When European “dictator-for-life” Julius Ceasar assumed power and returned to Rome to claim his throne some time in 47BC, the inauguration ceremony was characterized by an elaborate parade. The grand parade included floats depicting triumphant events of the war, accompanied by prisoners of war marching in chains, jesters acting as ancestors of the conquering general peppered with immense funfair all to usher in the special state chariot carrying the general. Historians record that a state slave rode in the chariot with Julius Caesar, holding a laurel wreath above his head and every few moments repeatedly whispered into the general’s ear amidst the hysterical adulation from the crowd, “Remember, you are a man”.
I read about this account years ago from a sports writer who used the same reference to juxtapose the deification of Diego Maradona after his legendary exploits during the 1986 Football World Cup in Mexico. Maradona single handedly (with a little help from the hand of God) earned Argentina, their second World Cup victory since 78 and millions of Argentinians refused to see him since as a mere mortal. While Diego, in his down-to-earth manner continued to behave like a flawed human being, millions of Argentina fans kept reminding him “you are a god”. Today there exists Iglesia Maradoniana which literally translates to the Church of Maradona.
Deification of politicians is alive and well in Africa. Look no further than Uganda and Rwanda. Presidents and high ranking state officials are usually exempted from normal human foibles and in the general Kenyan thinking, it is almost treasonable to imagine the President farts. Whenever, the great leader descends from the clouds to join ordinary mortals in their daily affairs, it is portrayed as an act of extreme humility worthy of emulation.
Recently, President Uhuru appeared in a church in Mombasa in an understated fashion and commentators went on for days after about how he was demystifying the presidency. Kenyan politicians are always in danger of falling for their own hype and should consider themselves fortunate whenever random strangers remind them of their ordinariness and relieve them of the burden of feigning humility.
Take the example of Deputy President William Ruto. I found a dated video clip that had the DP William Ruto, side kick Senator Kipchumba Murkomen and some other unidentified men accompanying the DP, at what appeared to be a road construction site. Leaning on an earth mover was a man in a tired overall and a cap. When the DP enthusiastically tried to give him a high five, his hand was nearly left hanging leaving his lackeys visibly annoyed. Despite this, the construction worker did not bother to straighten up to greet the DP or show any of the usual submissive protocol rituals when dealing with a VVIP. He did not change his body posture or remove his cap. He had his feet crossed at his ankles and was generally shooting the breeze pretty unperturbed by the dignitaries before him. The clip was in Kalejin so the interpretation could be flawed but from what I gathered from my kale friends, was that the construction worker claimed he hadn’t the foggiest clue who the DP was. His body language was of a man whose lunch break had been interrupted and the last thing he needed was a bunch of talking heads from Nairobi posing for pictures on his watch. Ruto’s entourage could not believe the man’s nerve. The clip generated its fair share of views for the simple reason that the unidentified construction worker seemed pretty unconcerned by the fuss around Ruto. The DP took it all in stride and quickly changed topics inquiring about how many kilometres had been tarmacked.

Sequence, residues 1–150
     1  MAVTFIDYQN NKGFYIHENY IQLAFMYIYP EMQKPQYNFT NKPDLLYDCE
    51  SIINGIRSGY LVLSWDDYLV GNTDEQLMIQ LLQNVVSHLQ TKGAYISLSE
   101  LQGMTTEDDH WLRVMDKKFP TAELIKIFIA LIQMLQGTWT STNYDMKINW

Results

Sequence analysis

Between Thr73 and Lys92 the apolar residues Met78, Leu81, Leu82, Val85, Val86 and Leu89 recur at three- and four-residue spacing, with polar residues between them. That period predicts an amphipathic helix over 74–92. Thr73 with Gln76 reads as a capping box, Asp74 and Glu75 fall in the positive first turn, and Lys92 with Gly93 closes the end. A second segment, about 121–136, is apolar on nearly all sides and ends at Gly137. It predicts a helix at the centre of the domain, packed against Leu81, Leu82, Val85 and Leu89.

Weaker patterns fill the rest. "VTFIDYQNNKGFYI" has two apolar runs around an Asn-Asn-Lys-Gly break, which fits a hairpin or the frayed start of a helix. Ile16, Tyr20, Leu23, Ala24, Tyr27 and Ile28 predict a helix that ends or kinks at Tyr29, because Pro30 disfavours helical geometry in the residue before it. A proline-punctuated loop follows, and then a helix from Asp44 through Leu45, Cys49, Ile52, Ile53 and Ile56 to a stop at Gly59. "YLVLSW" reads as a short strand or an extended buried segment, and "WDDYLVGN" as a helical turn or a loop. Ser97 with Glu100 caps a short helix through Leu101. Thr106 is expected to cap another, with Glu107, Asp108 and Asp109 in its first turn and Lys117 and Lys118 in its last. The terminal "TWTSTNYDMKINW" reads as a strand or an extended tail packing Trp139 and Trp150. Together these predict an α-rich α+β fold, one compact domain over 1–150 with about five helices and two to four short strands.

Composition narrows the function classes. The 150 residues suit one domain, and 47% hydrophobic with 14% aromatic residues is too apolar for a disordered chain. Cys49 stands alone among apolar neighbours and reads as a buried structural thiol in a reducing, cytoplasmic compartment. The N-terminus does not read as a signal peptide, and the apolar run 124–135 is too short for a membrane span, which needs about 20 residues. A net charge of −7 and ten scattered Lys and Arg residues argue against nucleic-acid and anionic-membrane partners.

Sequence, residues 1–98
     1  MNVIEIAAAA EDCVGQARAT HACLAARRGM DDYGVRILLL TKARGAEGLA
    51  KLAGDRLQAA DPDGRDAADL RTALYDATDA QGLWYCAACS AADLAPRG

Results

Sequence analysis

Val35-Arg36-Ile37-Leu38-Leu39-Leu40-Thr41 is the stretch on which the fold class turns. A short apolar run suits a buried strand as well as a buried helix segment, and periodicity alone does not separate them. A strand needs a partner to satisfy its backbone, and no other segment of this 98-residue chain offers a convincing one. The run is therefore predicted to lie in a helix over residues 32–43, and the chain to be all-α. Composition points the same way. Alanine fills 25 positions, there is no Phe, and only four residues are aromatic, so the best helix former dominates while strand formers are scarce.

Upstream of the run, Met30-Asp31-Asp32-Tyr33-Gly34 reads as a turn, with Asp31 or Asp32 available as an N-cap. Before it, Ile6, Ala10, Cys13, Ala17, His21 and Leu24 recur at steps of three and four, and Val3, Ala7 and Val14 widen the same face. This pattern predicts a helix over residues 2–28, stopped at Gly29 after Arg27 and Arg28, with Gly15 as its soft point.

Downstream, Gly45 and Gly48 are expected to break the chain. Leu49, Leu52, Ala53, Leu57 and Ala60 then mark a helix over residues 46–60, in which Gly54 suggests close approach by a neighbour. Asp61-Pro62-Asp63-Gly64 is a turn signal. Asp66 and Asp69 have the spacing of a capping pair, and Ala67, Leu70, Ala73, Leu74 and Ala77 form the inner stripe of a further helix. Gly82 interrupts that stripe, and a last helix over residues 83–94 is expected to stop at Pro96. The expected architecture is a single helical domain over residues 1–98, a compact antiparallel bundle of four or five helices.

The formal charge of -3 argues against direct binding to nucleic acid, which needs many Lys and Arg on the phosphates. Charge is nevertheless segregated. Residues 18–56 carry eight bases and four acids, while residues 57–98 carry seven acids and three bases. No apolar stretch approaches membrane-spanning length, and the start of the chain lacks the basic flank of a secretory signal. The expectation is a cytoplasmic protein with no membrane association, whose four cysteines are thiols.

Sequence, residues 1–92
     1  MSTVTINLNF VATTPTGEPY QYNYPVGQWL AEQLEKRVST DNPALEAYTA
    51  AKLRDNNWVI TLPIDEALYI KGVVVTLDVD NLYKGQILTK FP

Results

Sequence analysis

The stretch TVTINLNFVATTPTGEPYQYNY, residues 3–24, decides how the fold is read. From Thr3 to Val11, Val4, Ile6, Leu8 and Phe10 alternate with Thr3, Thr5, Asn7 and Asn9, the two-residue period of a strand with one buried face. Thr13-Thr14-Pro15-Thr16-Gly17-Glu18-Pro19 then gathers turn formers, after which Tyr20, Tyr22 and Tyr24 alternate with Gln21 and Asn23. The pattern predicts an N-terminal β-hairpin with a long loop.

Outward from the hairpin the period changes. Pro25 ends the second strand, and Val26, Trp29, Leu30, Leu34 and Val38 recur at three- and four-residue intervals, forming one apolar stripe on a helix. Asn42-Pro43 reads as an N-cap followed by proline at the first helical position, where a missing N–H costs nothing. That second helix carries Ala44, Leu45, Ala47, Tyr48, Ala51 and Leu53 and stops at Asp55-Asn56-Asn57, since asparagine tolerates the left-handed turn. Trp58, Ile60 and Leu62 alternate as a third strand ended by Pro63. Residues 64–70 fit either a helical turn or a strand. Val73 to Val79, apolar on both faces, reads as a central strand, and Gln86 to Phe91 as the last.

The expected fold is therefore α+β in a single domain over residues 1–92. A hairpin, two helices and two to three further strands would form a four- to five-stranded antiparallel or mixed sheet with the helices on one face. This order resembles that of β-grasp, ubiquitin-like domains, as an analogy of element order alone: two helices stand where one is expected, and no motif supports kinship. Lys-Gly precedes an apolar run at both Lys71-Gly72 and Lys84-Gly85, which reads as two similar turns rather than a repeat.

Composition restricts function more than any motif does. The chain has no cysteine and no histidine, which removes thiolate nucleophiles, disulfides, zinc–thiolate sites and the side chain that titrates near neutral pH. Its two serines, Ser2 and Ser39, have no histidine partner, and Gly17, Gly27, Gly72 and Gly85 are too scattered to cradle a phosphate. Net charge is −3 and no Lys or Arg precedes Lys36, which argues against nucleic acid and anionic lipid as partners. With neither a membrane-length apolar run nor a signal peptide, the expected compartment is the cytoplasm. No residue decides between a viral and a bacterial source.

It is easy to understand why the unidentified man became a conversation starter in Kenyan circles, where status is everything. Here was a regular Joe who did not suffer from BMS (Big man syndrome) and God knows, we need more his kind.
We are a highly impressionable people. Success in Kenya is regularly confused with popularity or to be more specific notoriety. This is the country where a woman became famous for absconding a hotel bill after doing the rounds on TV stations basking in notoriety and almost became a “successful radio host”. Therefore, lucky is the “successful” man who returns home late at night after a scoring a billion shilling deal to import laptops from Kazakhstan, to a grumpy wife who does not take kindly to her sleep been interrupted. No matter how high you rise in this life, someone will always come along to remind you that, “you are just a man”.
The late Israeli Prime minister Golda Meir said it better, “Don’t be humble…you are not that great”.
5 thoughts on “Don’t be Humble…You Are Not That Great”
Excellent as always!
Sober article. They say you are judged by the way you treat those ‘below’ you rather than your peers.
Very interesting piece. I would love to see that construction worker video clip.
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Lackeys?.. .ha ha ha love that one.
The saying is … “Julius Caesar had a personal slave to remind him that he is not god but a man… while Maradona kept being reminded he is not a man but god.”